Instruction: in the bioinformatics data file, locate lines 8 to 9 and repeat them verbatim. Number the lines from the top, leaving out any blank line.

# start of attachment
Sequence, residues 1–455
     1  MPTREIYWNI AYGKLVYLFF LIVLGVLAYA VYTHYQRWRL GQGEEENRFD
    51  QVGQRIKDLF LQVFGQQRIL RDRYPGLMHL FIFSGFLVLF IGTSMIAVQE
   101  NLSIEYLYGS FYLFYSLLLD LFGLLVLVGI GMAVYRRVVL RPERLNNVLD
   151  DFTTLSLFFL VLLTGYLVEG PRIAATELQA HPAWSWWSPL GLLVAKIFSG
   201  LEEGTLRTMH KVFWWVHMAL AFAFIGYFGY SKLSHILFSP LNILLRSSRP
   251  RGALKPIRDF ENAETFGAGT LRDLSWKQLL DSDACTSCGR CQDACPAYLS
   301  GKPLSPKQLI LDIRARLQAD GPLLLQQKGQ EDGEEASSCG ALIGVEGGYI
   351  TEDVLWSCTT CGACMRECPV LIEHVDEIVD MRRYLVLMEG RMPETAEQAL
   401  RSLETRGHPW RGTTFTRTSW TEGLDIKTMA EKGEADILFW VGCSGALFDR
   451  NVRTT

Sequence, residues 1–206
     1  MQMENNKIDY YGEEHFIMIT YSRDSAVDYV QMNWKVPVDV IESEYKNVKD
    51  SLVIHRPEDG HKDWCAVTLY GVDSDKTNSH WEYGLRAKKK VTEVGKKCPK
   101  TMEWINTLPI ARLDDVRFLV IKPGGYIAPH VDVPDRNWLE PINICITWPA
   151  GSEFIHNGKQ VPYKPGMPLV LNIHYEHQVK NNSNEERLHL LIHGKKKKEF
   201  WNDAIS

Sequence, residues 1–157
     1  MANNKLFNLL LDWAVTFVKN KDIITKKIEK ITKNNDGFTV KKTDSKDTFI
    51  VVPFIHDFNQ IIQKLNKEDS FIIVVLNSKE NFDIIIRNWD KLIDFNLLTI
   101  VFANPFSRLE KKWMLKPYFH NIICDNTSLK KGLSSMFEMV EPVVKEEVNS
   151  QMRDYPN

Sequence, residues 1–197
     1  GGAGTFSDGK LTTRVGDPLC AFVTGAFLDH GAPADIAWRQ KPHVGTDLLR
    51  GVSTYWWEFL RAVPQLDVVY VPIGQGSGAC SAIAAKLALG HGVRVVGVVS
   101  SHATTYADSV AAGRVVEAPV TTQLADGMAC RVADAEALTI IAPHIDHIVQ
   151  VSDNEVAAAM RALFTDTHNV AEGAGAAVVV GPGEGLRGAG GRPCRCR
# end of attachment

   301  GKPLSPKQLI LDIRARLQAD GPLLLQQKGQ EDGEEASSCG ALIGVEGGYI
   351  TEDVLWSCTT CGACMRECPV LIEHVDEIVD MRRYLVLMEG RMPETAEQAL